Is Your Business Credit Card Endangering Your Household?

Home-based and other small business opportunity or franchise owners beware!  A recent study by the Pew Charitable Trusts showed that many of you may be putting your personal lives in serious jeopardy when relying on business or commercial-use credit cards.

While the much-publicized Credit Card Accountability Responsibility and Disclosure (CARD) Act of 2009 reined in “unfair and deceptive” consumer credit card practices, those same protections do not apply to credit cards that are labeled for business or commercial use.  Is it any wonder then that banks are capitalizing on this fact and marketing business credit cards to American households at an unprecedented rate?

According to the Pew study, “American households receive more than 10 million offers every month for business credit cards, and the majority of these cards have potentially harmful terms that would not be legal on those labeled for consumer use.”  Where average consumers are now protected from such sneaky practices as immediate and unannounced penalty interest rates, unrestricted penalty fees and payment application standards that benefit the lender to an unreasonable degree, business card holders are not so lucky.

What many home-based and other small business owners may not realize is that they are personally liable for all expenses, fees and charges incurred on a business account.  And with bank credit particularly tight right now, the fear is that more and more of them are relying on credit cards to cover not only short-term but long-term expenses.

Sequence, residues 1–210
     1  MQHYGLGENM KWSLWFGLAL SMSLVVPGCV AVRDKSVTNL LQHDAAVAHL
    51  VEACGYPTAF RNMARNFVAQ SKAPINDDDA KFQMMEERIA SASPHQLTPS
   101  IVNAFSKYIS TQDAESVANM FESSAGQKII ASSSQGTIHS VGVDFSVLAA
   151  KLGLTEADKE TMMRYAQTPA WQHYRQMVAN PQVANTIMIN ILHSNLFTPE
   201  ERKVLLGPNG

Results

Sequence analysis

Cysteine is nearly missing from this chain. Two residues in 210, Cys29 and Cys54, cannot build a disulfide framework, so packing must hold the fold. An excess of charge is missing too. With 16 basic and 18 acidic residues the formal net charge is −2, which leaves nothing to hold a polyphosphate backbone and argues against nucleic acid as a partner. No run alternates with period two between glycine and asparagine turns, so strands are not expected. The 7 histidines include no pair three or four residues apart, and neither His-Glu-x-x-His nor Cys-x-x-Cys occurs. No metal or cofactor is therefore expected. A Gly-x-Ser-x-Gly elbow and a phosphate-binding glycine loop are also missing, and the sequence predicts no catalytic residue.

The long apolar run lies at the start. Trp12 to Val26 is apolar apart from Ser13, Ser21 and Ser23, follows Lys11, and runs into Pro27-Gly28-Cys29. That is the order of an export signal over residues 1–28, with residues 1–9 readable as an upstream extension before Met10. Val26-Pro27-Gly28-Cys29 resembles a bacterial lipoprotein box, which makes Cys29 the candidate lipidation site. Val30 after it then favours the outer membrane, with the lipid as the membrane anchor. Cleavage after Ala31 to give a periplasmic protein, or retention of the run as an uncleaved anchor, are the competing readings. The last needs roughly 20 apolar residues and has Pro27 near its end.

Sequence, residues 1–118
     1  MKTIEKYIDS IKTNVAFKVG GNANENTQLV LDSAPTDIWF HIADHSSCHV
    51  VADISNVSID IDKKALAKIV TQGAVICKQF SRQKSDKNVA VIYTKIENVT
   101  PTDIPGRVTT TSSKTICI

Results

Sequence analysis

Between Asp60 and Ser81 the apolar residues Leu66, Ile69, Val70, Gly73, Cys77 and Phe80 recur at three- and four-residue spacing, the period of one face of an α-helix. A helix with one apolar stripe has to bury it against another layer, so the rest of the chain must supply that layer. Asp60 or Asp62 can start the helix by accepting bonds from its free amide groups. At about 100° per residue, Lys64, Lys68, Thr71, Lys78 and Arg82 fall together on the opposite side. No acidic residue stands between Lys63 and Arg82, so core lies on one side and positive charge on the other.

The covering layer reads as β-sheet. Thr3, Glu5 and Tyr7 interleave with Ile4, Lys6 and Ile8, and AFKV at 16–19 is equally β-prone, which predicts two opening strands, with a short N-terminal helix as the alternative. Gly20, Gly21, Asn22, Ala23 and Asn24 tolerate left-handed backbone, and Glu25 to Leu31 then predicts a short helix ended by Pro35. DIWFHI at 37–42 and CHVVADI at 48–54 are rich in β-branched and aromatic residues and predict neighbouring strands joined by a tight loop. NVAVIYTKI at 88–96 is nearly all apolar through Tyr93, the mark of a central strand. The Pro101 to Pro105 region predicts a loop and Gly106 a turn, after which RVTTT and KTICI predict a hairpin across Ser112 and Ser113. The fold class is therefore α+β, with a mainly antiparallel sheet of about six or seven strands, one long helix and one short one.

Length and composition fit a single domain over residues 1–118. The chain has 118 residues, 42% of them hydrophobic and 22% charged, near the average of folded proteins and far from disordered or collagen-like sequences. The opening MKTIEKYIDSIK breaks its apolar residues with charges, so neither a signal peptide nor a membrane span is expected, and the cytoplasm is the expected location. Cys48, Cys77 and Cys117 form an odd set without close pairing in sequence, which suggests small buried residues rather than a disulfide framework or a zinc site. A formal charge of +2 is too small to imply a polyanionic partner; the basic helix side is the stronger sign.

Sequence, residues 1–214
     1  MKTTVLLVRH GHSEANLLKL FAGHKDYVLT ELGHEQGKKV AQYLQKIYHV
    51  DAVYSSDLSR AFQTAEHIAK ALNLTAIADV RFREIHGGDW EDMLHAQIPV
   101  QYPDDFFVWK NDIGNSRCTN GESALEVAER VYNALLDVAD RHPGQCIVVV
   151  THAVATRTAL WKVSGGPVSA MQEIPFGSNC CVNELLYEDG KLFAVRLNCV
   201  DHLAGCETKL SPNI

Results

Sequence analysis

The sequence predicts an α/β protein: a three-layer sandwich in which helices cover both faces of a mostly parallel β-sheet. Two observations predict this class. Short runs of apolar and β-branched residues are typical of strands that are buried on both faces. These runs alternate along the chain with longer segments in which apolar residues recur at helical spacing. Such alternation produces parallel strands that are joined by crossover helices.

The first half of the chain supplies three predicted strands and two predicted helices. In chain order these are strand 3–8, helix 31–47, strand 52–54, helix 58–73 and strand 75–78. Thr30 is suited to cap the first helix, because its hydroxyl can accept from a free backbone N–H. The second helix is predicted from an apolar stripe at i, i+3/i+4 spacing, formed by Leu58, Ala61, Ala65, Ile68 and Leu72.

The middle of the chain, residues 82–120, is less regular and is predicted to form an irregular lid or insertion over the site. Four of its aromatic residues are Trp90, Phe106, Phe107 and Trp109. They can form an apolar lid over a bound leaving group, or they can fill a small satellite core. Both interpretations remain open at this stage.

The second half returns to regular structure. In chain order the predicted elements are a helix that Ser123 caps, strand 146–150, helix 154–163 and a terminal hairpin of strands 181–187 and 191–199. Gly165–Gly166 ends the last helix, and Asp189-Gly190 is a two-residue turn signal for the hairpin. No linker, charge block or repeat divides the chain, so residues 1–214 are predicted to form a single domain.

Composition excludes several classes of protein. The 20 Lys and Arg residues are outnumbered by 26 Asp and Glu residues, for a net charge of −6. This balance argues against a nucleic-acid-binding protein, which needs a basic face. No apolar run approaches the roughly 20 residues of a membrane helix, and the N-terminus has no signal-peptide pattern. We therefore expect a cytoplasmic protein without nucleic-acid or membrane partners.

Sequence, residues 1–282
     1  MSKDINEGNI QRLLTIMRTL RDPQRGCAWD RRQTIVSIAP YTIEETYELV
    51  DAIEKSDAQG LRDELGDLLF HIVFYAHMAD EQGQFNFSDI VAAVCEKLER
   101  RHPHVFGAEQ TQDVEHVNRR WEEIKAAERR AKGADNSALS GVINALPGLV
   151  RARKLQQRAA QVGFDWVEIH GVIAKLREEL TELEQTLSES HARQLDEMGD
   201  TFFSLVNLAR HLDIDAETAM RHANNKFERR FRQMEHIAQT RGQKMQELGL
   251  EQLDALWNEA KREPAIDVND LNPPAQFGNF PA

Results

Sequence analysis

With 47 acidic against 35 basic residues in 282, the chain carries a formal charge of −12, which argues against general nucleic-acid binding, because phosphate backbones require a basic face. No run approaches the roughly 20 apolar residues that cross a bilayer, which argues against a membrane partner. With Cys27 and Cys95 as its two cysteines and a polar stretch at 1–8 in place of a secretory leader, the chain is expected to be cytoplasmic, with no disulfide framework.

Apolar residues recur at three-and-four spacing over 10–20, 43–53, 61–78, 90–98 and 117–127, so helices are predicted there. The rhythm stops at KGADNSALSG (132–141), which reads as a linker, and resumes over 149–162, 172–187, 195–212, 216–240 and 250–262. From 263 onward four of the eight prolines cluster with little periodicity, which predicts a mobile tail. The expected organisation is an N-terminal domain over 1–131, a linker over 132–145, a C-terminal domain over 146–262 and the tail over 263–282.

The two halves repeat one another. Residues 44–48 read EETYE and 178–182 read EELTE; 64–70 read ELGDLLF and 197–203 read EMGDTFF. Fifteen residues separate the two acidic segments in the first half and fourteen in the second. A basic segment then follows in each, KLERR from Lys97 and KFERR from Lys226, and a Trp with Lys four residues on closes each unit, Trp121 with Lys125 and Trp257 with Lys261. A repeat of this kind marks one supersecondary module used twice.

Some business owners who have recognized the dangers presented by business credit card use are opting to use their own personal credit cards to cover business expenses.  But this can be an even more dangerous proposition because doing so can seriously damage your credit score, prevent or complicate business deductions on your tax return and even trigger an IRS audit―something all business owners try to avoid.

Thankfully, the inconsistency in the new law is not going unnoticed by some members of Congress.  Just this past March, Rep. Nita Lowey (D-NY 18) introduced a bill to amend the Truth in Lending Act to “provide coverage under such Act for credit cards issued to small businesses…”  In fact, it would extend the same protection afforded to consumers who use credit cards to small-business owners who use business credit cards and whose companies employ 50 or fewer workers.  The legislation was referred to the Subcommittee on Financial Institutions and Consumer Credit for review in April.

Although it is enjoying strong endorsement from such groups as the National Small Business Association and other similarly-focused trade organizations, the proposed legislation is under assault by the deep-pocketed banking industry.  Should the banking industry lobby prevail in this case, it will be perceived by many small-business owners and their advocates as just one more in a string of recent concessions―such as the Federal Reserve’s capitulation to the banking industry on the debit card “swipe fee” issue―that benefit Wall Street while penalizing Main Street.